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Electrophysiological analysis of pathways connecting the medial preoptic area with the mesencephalic central grey matter in rats.

  • N K MacLeod
  • M L Mayer
Publication Date
Jan 01, 1980
  • Biology
  • Medicine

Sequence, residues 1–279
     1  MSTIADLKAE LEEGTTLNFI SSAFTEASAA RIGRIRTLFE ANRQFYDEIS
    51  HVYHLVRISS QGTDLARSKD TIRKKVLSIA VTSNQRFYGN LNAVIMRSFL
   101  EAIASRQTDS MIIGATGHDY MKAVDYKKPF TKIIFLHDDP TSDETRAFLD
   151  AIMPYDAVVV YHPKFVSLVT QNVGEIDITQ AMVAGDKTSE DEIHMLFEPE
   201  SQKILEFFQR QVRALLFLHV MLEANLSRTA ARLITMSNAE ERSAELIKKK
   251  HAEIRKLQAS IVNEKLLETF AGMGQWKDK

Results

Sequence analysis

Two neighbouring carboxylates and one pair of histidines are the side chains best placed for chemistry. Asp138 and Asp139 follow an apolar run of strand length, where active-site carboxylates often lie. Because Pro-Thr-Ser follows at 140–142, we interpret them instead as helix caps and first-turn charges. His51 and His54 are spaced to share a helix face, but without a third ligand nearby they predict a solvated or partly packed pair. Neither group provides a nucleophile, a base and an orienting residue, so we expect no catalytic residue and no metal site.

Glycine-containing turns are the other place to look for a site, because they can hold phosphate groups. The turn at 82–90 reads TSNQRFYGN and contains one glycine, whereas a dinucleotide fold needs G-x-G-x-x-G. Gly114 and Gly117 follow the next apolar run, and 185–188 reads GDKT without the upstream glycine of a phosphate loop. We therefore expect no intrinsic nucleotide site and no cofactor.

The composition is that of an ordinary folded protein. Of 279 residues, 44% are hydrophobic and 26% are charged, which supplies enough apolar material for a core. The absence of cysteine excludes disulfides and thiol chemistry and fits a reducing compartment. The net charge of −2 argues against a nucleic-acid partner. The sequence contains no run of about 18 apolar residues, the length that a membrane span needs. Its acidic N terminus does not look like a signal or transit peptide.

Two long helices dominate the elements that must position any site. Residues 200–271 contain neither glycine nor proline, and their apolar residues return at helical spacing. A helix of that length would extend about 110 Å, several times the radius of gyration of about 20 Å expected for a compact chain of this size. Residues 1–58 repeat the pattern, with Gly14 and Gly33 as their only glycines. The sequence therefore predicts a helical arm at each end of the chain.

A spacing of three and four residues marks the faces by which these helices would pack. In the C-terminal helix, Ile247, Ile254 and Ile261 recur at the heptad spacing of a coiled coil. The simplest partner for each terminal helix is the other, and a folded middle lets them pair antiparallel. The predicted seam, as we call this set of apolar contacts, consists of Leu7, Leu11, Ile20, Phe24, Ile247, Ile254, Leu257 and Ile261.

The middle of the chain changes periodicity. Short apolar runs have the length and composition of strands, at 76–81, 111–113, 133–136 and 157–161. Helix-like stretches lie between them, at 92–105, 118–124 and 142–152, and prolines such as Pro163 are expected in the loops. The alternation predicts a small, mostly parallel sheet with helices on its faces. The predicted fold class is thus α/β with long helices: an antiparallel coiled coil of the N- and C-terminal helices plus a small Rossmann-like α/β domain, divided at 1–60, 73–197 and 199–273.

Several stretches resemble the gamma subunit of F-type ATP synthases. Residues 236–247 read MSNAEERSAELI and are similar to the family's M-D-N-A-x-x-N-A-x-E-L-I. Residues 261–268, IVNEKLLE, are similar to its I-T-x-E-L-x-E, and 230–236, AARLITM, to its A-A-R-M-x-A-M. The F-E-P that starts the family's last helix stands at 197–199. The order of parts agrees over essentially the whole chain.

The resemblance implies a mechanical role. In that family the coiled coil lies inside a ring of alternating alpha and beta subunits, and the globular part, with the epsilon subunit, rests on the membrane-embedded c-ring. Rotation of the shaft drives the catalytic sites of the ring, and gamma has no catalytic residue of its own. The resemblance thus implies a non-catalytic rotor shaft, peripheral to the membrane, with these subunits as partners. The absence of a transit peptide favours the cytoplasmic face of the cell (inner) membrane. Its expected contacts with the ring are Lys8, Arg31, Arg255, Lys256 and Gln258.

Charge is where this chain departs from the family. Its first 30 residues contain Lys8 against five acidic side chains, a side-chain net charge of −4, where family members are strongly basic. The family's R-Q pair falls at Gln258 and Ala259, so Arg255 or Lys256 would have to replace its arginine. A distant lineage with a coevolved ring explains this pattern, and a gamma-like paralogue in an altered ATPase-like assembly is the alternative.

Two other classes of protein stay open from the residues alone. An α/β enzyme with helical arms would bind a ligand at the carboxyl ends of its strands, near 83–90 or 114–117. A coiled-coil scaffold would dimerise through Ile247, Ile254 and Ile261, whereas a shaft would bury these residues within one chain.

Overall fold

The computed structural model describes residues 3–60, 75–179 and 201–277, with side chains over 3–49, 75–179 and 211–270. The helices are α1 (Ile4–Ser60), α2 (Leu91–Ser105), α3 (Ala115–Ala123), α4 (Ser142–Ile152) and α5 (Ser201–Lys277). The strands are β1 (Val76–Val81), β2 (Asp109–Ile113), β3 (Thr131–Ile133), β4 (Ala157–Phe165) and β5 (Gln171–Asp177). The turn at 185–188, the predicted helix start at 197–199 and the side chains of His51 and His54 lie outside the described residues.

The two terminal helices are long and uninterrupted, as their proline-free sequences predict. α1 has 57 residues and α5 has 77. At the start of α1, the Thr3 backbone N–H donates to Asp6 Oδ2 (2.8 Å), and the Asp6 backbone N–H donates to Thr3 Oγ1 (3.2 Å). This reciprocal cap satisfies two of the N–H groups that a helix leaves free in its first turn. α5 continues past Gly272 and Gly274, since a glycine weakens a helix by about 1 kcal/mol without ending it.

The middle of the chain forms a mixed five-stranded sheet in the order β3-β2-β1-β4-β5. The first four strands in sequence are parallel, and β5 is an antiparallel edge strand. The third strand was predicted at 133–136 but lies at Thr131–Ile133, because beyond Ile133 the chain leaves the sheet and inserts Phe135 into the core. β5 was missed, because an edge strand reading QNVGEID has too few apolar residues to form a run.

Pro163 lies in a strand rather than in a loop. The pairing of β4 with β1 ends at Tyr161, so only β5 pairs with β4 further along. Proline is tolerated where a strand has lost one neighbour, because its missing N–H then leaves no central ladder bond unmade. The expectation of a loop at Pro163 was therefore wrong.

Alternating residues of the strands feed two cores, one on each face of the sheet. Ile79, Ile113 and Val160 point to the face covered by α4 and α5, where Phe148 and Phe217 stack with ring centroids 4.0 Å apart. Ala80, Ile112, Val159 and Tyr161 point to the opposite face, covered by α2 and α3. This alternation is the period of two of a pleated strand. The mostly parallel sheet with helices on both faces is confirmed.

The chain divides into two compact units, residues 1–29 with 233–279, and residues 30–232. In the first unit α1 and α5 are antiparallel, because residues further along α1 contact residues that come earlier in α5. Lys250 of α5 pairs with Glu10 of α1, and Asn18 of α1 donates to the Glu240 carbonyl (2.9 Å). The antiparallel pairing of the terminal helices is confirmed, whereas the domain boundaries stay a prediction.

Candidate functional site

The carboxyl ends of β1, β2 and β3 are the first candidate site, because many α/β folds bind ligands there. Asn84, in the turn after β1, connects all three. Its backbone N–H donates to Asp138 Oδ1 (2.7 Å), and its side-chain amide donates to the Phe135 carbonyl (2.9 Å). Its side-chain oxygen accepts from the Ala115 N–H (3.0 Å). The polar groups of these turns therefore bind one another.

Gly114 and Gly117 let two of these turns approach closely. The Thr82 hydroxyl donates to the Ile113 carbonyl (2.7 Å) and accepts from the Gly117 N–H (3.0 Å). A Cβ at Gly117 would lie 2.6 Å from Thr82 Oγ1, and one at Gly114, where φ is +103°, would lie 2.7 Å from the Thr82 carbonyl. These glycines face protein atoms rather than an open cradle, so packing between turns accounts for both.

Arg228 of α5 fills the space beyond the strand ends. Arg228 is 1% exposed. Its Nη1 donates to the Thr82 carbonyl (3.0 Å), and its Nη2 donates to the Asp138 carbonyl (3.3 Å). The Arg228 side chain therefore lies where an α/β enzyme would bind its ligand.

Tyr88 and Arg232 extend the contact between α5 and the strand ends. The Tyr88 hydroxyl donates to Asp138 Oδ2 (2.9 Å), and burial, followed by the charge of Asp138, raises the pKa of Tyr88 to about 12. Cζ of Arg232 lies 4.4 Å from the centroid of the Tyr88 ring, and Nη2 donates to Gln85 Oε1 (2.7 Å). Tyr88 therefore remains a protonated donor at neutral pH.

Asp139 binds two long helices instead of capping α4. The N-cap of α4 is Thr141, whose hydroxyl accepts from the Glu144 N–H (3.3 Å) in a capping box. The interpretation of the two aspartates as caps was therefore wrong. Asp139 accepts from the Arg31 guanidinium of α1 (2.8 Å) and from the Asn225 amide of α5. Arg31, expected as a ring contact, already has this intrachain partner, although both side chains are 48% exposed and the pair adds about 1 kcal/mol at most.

1. An electrophysiological study of ascending and descending connexions between the dorsal raphe region of the mesencephalic periaqueductal grey matter and the medial preoptic area has been performed in dioestrous female rats anaesthetized with urethane. 2. Extracellular action potentials recorded from 208 neurones in the medial preoptic area were analysed for a change in excitability following stimulation of the periaqueductal grey matter. 174 neurones were also tested for changes in excitability following stimulation of the mediobasal hypothalamus. 3. Stimulation of the periaqueductal grey matter at 1 Hz was rarely effective, but short trains of pulses (three at 100 Hz) usually caused an initial inhibition (62.5% of 208) of both projection identified and adjacent neurones of the medial preoptic area, at latencies of 5--90 msec (mean 34.1 +/- 1.4 msec). Inhibition following stimulation of the mediobasal hypothalamus occurred less frequently (34%) and at shorter latency (mean 12.0 +/- 1.8 msec; n = 48). 4. Less frequently (10.6%) periaqueductal grey matter stimulation caused an initial excitation of preoptic neurones at latencies of 15--180 msec, (mean 35.3 +/- 7.2). Initial excitation following mediobasal hypothalamus stimulation was stronger, occurred more frequently (29%) and at shorter latencies (range 3--60 msec, mean 13.1 +/- 1.5). Following such initial excitation, inhibition of spontaneous or ionophoretically evoked activity occurred more frequently following mediobasal hypothalamic stimulation, than after periaqueductal grey matter stimulation. 5. Twenty-four neurones displayed antidromic invasion following periaqueductal grey matter stimulation. Latencies for invasion ranged from 13 to 50 msec (mean 25.5 +/- 2.0 msec) and are suggestive of an unmyelinated projection. Occasionally an abrupt decrease in latency followed an increase in stimulus intensity. Antidromic invasion from mediobasal hypothalamus was characterized by a shorter latency (mean 12.5 +/- 0.7 msec; n = 43). A period of reduced excitability lasting 40--100 msec followed antidromic invasion from either site. 6. Antidromic responses to paired mediobasal hypothalamic or periaqueductal grey matter stimuli at 5 msec intervals revealed an increased latency of invasion of the second response, due to the partial refractory period of the neurone. Five cells showed a decreased latency of invasion at stimulus separations of 10--150 msec, interpreted as evidence of a supranormal period. Changes in conduction velocity during the supranormal period may give rise to a variable latency of invasion of spontaneously active cells. 7. These results provide evidence for direct, reciprocal connexions between the midbrain central grey and the medial preoptic area. These circuits may play a role in controlling neuroendocrine and behavioural aspects of reproductive functions.

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